Whether it’s on the smallest kitchen-table scale or something larger, say, the size of Wal-Mart, no one goes into business to lose money, you go into business to make it. And not just make a lot of gross, because the only thing that counts is the net, what you can actually spend on yourself and your family. So, to ward off the red ink, you keep a close eye on the cost and expense side of the ledger. Those are the Pac-man gobblers of gross.
The insurance industry is not at all different. Indeed, the sole task of the insurance underwriter is to guard against what is called “adverse selection,” insuring applicants whose known history will likely lead to a claim.
The philosophy behind insurance is risk pooling. Statistically, insurers know that ‘X’% of houses will burn, that ‘X’% of individuals will be involved in heavy loss auto accidents, that ‘X’% of folks will suffer heavy-loss medical expenses, and so on. They just don’t know the identities of the claimants, prior to a claim being filed. By screening for those whose circumstances or histories — the driver with a couple DUIs, the obese applicant, someone with a serious health condition — point to the probability of a claim enables the companies to offer insurance to the rest of us at rates that are more affordable than if they took on all comers.
It may seem coldly harsh. But would you bet YOUR life savings insuring the person with cancer. Insurance is a business, not a charity. No way. In the cruel world of reality, if it was your own money at risk, you’d say, even to your very best friend, “I’m sorry, but I can’t endanger my family’s future by agreeing to pay, or help pay, your medical expenses.”
It’s easy, but it’s wrong to condemn the insurance companies for decisions any and all of us would also make, were the roles reversed.
This morning’s New York Times article, “With Son in Remission, Family Looks for Coverage” (http://www.nytimes.com/2009/04/21/us/21uninsured.html?th&emc=th), highlighted not only the dilemma for Danna and Russ Walker of Humble, Texas, whose 21-year-old son has been battling testicular cancer for two years, but for all Americans. Mrs. Walker recently lost her 14 year job with DHL, and with it the health insurance that had been paying for her son’s cancer therapies. Per the article, the Walkers are among the 9 million Americans who, since December of 2007, have lost, along with the job, the employer sponsored health insurance.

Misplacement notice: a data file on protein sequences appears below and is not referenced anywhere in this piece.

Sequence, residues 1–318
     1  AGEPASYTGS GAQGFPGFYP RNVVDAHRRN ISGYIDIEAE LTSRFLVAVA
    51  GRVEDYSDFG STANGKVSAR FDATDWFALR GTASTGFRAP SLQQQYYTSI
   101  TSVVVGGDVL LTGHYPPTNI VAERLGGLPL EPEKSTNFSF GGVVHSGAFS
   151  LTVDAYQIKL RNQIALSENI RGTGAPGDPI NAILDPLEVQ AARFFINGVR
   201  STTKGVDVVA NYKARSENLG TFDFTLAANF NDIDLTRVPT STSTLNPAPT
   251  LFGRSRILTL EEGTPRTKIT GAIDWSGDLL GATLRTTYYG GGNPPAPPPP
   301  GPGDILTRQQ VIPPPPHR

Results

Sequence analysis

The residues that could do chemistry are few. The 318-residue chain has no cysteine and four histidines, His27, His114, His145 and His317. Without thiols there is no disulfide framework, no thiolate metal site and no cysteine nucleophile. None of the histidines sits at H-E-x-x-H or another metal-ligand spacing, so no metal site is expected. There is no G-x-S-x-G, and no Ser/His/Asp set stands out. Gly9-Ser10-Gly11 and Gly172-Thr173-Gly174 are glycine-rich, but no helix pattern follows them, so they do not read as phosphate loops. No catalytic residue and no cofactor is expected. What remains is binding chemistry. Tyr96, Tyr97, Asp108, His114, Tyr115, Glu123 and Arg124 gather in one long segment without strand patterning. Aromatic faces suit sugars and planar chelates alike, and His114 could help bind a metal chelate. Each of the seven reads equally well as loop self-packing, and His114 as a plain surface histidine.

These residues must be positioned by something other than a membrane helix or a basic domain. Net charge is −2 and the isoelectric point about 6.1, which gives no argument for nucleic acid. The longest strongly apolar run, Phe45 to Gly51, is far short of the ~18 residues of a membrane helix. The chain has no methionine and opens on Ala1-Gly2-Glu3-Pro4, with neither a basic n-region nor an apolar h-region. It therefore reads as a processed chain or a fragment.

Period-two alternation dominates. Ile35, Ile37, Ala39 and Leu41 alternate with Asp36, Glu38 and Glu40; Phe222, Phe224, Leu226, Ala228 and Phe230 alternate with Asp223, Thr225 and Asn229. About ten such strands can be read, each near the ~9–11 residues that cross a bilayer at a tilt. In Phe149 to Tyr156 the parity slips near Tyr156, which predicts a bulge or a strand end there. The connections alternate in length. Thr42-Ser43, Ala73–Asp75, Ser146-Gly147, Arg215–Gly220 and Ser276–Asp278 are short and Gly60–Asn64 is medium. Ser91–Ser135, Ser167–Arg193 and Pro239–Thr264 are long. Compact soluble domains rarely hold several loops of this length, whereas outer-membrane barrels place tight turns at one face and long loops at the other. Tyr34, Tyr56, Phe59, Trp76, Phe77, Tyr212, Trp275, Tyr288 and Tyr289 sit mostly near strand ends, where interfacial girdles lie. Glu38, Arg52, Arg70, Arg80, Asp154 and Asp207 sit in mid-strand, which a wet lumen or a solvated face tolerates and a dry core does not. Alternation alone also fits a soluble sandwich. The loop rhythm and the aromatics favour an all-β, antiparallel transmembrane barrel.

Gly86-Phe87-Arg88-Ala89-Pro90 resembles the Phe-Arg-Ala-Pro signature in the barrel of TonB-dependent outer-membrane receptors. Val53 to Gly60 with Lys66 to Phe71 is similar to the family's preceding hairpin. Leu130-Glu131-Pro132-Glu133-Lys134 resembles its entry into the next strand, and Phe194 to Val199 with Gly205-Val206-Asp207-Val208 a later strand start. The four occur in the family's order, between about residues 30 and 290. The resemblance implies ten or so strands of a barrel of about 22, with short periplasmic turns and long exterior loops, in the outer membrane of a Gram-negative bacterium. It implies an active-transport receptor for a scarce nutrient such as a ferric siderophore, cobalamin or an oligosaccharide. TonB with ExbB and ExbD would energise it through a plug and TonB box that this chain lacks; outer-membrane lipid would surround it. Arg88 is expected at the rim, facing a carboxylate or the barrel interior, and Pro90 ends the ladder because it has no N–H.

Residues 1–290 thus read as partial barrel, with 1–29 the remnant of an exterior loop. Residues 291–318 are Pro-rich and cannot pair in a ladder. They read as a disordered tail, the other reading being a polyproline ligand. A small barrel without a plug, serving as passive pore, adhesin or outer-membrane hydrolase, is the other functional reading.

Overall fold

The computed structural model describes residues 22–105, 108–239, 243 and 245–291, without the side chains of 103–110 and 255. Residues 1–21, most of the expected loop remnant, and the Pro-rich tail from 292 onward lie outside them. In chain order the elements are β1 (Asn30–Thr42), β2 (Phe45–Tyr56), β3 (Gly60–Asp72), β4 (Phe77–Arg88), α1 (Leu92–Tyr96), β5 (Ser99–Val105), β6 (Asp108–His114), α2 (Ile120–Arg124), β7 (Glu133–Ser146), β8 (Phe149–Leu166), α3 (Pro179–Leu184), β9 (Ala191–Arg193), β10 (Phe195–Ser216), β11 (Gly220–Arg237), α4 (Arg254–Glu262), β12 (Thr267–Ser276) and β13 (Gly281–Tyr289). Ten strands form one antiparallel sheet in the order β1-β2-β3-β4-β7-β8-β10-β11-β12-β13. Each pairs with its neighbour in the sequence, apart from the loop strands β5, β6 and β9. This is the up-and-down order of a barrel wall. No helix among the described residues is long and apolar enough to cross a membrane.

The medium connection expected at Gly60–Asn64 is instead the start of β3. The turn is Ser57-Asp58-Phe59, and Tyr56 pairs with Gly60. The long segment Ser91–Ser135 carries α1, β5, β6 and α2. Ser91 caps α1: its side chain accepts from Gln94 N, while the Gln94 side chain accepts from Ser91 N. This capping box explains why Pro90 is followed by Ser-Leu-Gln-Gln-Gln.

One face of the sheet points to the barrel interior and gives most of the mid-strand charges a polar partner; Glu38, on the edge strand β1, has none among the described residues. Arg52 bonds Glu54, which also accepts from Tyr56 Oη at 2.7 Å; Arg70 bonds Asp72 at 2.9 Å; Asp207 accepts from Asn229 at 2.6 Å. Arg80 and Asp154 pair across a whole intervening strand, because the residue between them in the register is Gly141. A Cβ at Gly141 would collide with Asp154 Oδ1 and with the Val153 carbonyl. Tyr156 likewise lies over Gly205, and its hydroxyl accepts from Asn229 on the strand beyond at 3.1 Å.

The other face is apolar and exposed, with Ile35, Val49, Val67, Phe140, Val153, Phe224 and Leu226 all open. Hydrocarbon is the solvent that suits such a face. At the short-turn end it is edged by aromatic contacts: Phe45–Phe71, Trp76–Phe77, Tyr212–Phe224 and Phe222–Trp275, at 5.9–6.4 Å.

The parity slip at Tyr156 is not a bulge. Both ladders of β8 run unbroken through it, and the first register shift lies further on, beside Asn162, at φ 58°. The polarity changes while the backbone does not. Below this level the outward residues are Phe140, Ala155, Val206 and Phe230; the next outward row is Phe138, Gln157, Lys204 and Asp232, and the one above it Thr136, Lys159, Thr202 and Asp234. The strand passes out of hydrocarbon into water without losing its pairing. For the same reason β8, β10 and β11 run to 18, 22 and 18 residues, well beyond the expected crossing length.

What is also true of the Walkers — at immediate and dire risk of losing their home to foreclosure and/or facing devastating bankruptcy that is the direct consequence of a serious health problem — is true of the overwhelming majority of working Americans. The majority of personal bankruptcies in the US are the result of serious illness, and the majority of those are among working families who have health insurance!
Rather parenthetically, something that very few are aware of is the fact that health insurance was initially promulgated to protect only one group of Americans: the medical providers — hospitals and physicians — who constantly faced the peril of not being paid for services rendered. The old stories of rural doctors who had to accept proffered chickens or cows from farmers are true, or of urban doctors who had to accept the fact, as a part of their practice, that some patients wouldn’t be able to pay anything at all.
The crisis currently confronting the Walkers is one that potentially confronts all of us, all of America, and it’s not one that private enterprise insurance was ever, ever intended to completely eliminate. Nor should we or the insurance companies themselves expect or hope can be eliminated via the private insurance enterprise business scheme now, or in the future. There just does not exist a profit-making model that will embrace two diametrically conflicting exigencies; 1.) paying the trillion or more of unfunded liabilities posed by those who are suffering the hundreds of thousands to millions of dollars in medical expenses, or who, while healthy today, will in the future fall victim to such an expensive accident or illness; and 2.) keep the premiums for such protection low, affordable to everyone. (Recall that those who are without the means or insurance to pay for care will repair to hospital emergency rooms, and everyone else will still pay the cost of their care, only that it will be more expensive because of the ER setting and because indigents wait until a symptom becomes so serious that a hospital is the only setting capable of treating it.)
It’s not a case of individuals and families being fiscally imprudent. It’s 100% a case of being a human being. And you can’t protect against the vicissitudes of life with an affordable to all private enterprise insurance scheme. To even contemplate that somehow we might is not only foolish myopia; it’s perilous to the very economic and moral viability of the United States of America.
To the economic viability; an ever escalating proportion of gross domestic product that is consumed by medical care, except via instituted drastic rationing of both rudimentary and emergency care, is not one that will be long sustainable.
As to moral viability; we’ve all seen the photographs of Sudanese mothers clutching fly covered, emaciated babies with distended bellies. Some in this country may be able to abide the proposition that such could at some point be the plight of some Americans. There may be some in this country who would unhesitatingly tell Mr. And Mrs. Walker that the providing of medical care to their son Jake is simply too expensive, that offering him the chance to beat the cancer that he’s been battling is of less import than the chance taxes might have to be modestly raised to pay for the care. I could not. Nor do I believe many others could either. At least I hope not.